We identify model users in industry, commerce and large residential areas who can flexibly adjust their energy demand to the intermittent feed-in from wind and solar power stations. New flexibility options are also offered by energy integration applications (power, heat, cold, mobility) and in regional power plants, where producers and consumers are closely integrated. We test the use of these flexibility options in order to reduce grid congestion and to optimally exploit the available green power output.
Identifying and characterising flexibility
Within an energy system with a very high share of volatile renewable generation, flexibility becomes more and more important. This especially concerns the user side, as by means of adjustable or, if necessary, switchable loads, surplus energy can be used directly and without loss. Even though many flexibility options have already been described in theory long ago, the identification and characterisation in real conditions and existing processes often still present a challenge. In commerce and industry, too, it is often still necessary to rethink the necessities and possibilities of load flexibilisation.
We identify and characterise model flexibility options as well as the ancillary conditions for the relevant application, such as: which parameters of the processes involved have to be observed? Who or what can control the flexibility at which time? The question of which revenue models can be used to turn flexibility to profit is put aside for the time being. The focus lies on three promising workstreams:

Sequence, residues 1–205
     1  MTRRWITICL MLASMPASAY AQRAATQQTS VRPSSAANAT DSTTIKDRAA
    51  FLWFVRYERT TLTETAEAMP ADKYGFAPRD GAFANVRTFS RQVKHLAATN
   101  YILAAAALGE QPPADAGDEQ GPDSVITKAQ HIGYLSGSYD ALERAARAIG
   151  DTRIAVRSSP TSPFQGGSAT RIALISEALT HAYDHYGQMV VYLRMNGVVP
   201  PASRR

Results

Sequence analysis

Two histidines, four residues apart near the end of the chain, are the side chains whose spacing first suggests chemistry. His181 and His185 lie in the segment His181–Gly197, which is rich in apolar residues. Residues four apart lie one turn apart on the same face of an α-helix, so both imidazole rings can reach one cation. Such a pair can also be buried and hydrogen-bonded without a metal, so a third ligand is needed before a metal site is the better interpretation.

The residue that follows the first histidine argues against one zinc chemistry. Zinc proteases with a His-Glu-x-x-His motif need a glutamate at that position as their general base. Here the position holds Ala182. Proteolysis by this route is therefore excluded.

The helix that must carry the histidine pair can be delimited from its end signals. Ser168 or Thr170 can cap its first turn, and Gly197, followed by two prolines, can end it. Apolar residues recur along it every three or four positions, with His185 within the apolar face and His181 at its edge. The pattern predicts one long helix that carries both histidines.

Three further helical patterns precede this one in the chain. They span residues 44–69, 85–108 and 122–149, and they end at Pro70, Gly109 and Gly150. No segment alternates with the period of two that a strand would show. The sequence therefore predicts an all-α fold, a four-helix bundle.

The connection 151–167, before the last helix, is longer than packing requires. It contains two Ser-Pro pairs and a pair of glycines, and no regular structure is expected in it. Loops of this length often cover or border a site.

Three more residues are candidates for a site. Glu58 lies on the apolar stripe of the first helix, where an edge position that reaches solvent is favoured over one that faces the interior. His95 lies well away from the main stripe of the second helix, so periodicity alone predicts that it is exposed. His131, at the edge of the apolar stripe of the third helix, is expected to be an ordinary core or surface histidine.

Technical flexibility potentials will only then be activated when a market use can be identified and the regulatory requirements become more conducive to flexibility. In general, there are already various applications for flexibility (balancing power, peak shaving, spot market). Smart marketing should consider all application options and as such maximise the value of the flexibility. In addition to the know-how of the operators of flexibility installations and the marketers / aggregators, non-discriminating, competitive and easily accessible markets are needed.
- Identification of problem areas / obstacles for practical marketing possibilities: such obstacles can consist of difficult market access or a lack of incentive mechanisms for the flexibilisation of power. Given the current framework conditions of the market, the economic value of small to medium flexibility reserves in industry or residential areas can for instance only be increased to a limited extent despite their large potential. The specific legal and regulatory obstacles for the use of flexibility have to be analysed and recommended actions have to be formulated for a further development of the legal and regulatory framework.
- Studying a specific further development of markets: in collaboration with virtual power plants and aggregators, WindNODE specifically works on the marketing of flexibility units, however small, on the balancing power market. In addition, we study the procurement of flexibility on the market as a grid support service in a large-scale field test with the flexibility platform, invoking the ‘experimentation clause’ (SINTEG-V). By doing so, WindNODE provides a tangible and reliable practical contribution to the current legal and regulatory debate on the usefulness and design of so-called ‘smart markets’.
System integration of sector coupling